I read this and I thought: Maybe for her, for several others it is turning it on more often and spending time going over their games with Fritz. Many times Fritz throws up new lines that you would never consider and going over them adds to your chess knowledge. However there was no need to attack her for this opinion and far less reason to come to her defence.

Now coming to this "debate" between LBacan and Mig, which has very little to do with the original post:

I totally disagree with Mig (and agree with LBacan's criticism) when he says Fritz can suggest move after move of accurate but completely illogical moves and without any way to explain them other than one being .24 better than the other. Please dont insult an 1800 rated player by saying he or she cannot understand what Fritz is talking about. How did a 1300 + 1600 + computer beat all comers in the recent freestyle chess tournament? In fact Mig, you should know that you are able to converse intelligently about a chess game with someone at least 400 points above you only because of the help of our silicon friend. Sure there may be instances when a particular move is too deep for a computer to understand while it is obvious to a human, but arent you generalizing this too much?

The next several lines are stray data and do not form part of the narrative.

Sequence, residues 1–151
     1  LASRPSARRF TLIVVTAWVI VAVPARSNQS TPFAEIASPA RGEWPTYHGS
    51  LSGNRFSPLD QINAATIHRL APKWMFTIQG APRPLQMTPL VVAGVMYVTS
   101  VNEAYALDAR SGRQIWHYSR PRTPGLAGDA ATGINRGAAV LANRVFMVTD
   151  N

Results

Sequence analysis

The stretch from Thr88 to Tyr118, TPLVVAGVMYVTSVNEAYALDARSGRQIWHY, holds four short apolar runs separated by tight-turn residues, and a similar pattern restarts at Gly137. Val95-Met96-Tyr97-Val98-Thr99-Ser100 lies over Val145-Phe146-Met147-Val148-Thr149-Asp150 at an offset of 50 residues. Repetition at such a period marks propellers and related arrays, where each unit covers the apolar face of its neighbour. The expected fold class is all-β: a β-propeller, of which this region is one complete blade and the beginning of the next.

Regarding the learning value, maybe Mig is right. For some people, there may be a lot more learning without computer analysis done by the kibitzers. But shdnt we leave it to the individuals who frequent the live broadcasts to decide this rather than adopt a holier than thou stance and preach what is good and what is bad. In fact it can be damaging to the game.

"This practice has always bothered me and my brother [IM Greg Shahade], who went as far as to instate a no-computer analysis rule on ICC coverage of the New York Masters."

Chess needs to attract people to the game. If you impose such a rule, many people will be turned off. I think the people who frequent the boards are better qualified to decide whether to ignore the comp analysis or not rather than one IM taking the decision for everyone. It is not even clear to me that people watch live broadcasts to improve their chess game. I think it is this part of her post that probably riled LBacan and some others.